The Secret To Black Mirror’s Dystopian Appeal? Design

The futuristic show keeps its design comforting and realistic, so its real surprises are even more harrowing.

The popular British television show Black Mirror has been riding a new surge of popularity among American audiences since coming to Netflix last December. Much of the show’s genius–and appeal–resides in how familiar, and even welcoming, the near-future dystopias feel to viewers.


To really understand the essence of this uneasy attainability re:form’s Rob Walker sat down with Joel Collins, co-founder of Painting Practice, the visual effects company responsible for most of Black Mirror‘s design.

In the interview, Collins discusses several examples of his team’s aesthetic mission for the show, which he describes as “plausible and disarming.” He points to one particular episode, “The Entire History of You,” in which everyone has a chip which lets them rewatch every moment of their lives–mostly to their demise–to highlight his point.

The technology is referred to as a Grain, and Collins points out that the entire visual feel of that episode is quietly “earthy,” with lots of wood and stone and vaguely Scandinavian textures in the set design. “Everything’s got a kind of natural feeling,” he says.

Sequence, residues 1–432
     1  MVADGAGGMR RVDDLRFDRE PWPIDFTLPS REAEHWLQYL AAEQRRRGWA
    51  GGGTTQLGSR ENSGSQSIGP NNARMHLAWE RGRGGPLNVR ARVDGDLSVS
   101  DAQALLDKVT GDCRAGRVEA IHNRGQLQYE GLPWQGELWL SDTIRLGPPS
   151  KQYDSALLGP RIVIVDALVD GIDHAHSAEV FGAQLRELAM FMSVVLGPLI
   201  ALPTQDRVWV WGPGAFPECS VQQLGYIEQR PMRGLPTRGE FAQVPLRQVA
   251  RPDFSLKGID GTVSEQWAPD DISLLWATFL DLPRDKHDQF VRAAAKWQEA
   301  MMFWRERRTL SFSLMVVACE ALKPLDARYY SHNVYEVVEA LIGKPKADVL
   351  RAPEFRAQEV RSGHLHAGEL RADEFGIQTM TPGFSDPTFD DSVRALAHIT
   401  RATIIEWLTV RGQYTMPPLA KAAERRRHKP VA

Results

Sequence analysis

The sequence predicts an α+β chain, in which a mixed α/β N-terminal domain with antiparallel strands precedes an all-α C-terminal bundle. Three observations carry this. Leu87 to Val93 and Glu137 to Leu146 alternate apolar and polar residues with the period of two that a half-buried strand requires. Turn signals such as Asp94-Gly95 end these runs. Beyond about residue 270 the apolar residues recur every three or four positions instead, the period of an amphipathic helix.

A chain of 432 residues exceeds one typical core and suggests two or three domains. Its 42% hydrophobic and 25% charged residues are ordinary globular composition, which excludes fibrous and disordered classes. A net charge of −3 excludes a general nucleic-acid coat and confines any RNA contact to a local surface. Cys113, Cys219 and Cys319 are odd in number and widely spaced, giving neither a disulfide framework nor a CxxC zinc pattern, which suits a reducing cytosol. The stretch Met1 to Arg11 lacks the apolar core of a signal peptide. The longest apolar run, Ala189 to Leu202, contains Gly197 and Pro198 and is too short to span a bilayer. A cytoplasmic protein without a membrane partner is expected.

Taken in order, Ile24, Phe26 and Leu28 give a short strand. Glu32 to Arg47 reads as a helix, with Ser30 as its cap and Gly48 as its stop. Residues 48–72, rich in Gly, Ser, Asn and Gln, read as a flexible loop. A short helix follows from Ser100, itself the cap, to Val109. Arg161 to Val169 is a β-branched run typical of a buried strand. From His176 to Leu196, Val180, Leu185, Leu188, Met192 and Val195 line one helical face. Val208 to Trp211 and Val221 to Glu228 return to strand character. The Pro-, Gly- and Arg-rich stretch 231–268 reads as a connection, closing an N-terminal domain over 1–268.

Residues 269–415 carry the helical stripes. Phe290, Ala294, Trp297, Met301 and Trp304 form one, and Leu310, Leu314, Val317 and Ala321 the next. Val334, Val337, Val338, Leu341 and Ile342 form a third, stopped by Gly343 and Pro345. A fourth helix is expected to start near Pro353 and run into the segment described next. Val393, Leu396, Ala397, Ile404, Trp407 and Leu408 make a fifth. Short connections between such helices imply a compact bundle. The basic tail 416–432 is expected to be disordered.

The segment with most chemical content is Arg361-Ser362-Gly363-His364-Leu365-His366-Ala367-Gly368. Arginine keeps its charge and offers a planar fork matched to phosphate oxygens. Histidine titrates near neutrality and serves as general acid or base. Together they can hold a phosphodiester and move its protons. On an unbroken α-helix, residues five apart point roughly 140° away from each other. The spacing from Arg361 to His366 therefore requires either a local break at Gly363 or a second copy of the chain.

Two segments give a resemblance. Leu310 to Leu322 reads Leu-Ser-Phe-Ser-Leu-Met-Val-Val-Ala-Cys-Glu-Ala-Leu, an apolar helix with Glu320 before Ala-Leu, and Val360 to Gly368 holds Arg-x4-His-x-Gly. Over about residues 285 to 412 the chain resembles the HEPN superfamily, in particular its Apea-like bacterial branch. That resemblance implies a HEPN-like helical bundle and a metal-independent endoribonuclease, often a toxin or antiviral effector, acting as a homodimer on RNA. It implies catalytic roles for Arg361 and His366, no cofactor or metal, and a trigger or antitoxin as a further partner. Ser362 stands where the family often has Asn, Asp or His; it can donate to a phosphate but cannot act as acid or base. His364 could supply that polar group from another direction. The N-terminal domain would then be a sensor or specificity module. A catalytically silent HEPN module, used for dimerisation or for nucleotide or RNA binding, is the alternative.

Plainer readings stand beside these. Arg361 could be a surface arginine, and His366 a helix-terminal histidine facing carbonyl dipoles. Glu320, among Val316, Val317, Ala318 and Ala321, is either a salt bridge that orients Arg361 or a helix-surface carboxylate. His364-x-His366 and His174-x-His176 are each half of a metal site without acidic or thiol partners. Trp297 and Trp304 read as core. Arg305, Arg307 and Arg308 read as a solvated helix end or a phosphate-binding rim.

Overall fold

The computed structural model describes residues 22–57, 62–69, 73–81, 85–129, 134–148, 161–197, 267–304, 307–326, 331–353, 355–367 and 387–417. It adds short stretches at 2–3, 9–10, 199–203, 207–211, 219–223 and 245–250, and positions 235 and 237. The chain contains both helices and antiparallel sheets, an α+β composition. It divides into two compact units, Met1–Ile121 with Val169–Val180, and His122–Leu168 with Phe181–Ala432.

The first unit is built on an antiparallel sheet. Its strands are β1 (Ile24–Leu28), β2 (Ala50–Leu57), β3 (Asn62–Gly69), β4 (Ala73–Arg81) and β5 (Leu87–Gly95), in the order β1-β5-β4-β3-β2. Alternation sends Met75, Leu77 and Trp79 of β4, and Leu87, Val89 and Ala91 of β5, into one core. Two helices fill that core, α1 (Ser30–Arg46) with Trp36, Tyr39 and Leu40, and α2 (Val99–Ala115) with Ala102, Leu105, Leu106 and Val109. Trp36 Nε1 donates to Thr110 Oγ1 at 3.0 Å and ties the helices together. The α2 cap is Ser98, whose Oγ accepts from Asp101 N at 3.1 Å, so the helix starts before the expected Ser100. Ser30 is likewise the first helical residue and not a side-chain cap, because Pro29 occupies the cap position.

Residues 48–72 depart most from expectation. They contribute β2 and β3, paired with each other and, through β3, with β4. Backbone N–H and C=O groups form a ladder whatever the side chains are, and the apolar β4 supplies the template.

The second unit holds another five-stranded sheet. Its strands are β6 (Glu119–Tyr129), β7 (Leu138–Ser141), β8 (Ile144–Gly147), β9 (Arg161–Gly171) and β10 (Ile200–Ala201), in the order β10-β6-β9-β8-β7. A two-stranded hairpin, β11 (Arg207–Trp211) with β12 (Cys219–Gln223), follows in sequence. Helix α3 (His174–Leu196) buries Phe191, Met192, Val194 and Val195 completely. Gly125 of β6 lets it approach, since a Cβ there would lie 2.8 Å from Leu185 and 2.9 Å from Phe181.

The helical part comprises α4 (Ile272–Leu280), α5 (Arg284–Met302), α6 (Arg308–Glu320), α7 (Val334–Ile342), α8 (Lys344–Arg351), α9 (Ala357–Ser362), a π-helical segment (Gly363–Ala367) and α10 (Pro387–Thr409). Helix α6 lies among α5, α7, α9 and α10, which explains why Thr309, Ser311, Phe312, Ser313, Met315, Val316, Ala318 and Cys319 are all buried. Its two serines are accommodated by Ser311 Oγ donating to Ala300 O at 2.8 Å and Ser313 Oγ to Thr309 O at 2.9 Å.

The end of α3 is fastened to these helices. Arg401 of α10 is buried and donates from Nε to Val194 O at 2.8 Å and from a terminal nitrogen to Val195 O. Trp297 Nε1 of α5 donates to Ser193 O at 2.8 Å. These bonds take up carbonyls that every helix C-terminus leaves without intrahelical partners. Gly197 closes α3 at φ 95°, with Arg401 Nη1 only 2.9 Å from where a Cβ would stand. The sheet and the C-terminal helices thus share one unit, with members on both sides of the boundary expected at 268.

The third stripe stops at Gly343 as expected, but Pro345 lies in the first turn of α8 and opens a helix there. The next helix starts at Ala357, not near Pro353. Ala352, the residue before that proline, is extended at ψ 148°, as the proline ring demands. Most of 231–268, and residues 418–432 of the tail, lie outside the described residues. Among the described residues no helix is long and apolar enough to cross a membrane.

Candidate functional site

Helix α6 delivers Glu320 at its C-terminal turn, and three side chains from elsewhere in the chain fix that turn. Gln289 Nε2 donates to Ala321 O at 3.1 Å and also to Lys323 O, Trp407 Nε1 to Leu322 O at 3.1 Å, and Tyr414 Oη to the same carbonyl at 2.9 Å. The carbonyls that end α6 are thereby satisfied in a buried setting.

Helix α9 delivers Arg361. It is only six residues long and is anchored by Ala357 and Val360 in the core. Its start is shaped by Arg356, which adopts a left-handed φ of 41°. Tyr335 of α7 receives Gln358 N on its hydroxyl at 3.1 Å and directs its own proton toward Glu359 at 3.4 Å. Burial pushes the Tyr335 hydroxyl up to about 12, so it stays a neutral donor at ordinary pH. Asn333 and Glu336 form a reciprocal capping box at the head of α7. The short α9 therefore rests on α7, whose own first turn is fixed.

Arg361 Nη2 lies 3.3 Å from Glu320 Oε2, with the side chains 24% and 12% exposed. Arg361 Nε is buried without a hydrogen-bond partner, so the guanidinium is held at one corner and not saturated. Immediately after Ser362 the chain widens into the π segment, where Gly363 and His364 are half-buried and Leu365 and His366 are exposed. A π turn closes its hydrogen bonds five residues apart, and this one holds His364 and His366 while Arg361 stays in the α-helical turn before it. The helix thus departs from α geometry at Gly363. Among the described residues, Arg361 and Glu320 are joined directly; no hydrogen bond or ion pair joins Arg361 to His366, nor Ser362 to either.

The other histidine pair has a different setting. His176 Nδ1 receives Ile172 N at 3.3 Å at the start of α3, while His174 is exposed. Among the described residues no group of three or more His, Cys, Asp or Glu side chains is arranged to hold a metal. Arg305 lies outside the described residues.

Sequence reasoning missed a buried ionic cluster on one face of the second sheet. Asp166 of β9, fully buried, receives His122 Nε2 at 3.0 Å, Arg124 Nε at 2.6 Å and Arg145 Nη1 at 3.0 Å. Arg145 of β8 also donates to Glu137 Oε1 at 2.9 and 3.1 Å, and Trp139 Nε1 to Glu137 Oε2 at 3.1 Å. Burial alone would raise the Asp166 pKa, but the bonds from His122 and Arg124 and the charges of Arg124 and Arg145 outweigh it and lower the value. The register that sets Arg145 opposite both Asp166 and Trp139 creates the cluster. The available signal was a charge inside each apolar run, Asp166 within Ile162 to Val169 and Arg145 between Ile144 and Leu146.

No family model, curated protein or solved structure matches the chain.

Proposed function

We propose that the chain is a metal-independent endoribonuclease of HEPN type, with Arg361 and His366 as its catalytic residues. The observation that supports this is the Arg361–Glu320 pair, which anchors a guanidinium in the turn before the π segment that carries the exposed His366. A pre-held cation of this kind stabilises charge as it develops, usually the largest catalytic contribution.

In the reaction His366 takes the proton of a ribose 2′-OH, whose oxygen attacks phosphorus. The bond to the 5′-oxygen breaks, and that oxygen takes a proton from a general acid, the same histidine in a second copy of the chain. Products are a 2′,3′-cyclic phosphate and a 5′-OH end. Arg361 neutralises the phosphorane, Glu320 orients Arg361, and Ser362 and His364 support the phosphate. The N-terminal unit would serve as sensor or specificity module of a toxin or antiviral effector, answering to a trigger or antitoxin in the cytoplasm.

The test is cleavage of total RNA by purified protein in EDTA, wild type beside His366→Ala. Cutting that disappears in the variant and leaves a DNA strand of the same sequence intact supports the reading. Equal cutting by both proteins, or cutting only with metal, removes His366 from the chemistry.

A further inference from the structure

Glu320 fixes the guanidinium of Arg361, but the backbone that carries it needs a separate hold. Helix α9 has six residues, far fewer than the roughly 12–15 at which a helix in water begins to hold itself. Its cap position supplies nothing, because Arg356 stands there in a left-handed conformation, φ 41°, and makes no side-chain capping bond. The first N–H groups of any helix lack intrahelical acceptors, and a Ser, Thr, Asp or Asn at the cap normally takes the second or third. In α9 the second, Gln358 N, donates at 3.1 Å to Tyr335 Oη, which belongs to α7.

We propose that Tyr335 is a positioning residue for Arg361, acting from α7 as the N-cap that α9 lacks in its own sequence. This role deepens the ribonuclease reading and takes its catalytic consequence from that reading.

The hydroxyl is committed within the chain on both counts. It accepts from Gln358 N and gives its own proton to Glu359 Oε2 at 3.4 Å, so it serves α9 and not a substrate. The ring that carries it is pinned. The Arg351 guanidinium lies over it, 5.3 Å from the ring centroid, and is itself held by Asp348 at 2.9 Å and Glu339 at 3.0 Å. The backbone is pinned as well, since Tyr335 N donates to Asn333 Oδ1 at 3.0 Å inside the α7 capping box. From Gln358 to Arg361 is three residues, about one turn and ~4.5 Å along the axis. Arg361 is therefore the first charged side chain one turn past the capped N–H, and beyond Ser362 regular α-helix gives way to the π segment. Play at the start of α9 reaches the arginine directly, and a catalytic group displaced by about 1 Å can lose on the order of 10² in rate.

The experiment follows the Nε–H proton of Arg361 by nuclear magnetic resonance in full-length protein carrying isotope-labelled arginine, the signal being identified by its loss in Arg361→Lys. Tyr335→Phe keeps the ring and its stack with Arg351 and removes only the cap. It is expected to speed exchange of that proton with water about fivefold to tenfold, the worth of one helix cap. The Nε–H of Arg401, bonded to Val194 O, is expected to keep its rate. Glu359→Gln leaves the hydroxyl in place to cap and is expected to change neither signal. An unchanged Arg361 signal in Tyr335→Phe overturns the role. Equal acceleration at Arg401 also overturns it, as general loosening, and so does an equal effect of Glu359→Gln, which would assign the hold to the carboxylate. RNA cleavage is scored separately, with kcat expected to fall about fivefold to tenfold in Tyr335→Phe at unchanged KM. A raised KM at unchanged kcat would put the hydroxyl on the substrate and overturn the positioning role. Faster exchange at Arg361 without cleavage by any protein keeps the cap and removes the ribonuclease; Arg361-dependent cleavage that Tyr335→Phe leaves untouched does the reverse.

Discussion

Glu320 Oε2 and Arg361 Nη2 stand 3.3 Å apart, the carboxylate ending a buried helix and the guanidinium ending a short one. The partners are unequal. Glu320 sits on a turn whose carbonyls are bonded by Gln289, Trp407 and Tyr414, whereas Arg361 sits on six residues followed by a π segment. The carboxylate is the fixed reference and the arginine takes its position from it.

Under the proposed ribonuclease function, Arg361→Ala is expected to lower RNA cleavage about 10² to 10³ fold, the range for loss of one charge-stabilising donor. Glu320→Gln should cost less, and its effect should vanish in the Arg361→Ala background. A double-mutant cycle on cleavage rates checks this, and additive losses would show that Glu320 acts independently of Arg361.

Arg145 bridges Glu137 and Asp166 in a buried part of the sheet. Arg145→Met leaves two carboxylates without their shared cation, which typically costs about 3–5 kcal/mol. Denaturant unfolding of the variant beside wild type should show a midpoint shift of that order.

This goes for the tech, too. The Grain’s timeline interface is circular, with the user’s life episodes marked off in chunks of concentric circles. Partly this is because a round eye ought to have a round interface. But also, the rings echo the rings of a tree, Collins explains. “So you’re scrolling through something like tree rings, to bring out your memories.”

“It has a kind of feeling of nature in it, which I don’t think the audience will necessarily ‘get’,” he continues. “But somehow it makes you feel comfortable. You don’t know why. But you don’t think it’s offensive, and it’s got a feeling of the natural order of life.”

These and other insights sprinkled through out the piece point to an uncomfortable idea: that good design could actually lead to our downfall. While design itself may be neutral, it has helped make technology more approachable and invisible–which has in turn made our attitudes towards it more complacent–thus providing opportunities for its social misuse.

For the full interview, and more about Black Mirror‘s design process, head over to on re:form.


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I'm a writer living in Bushwick, Brooklyn. Interests include social justice, cats, and the future.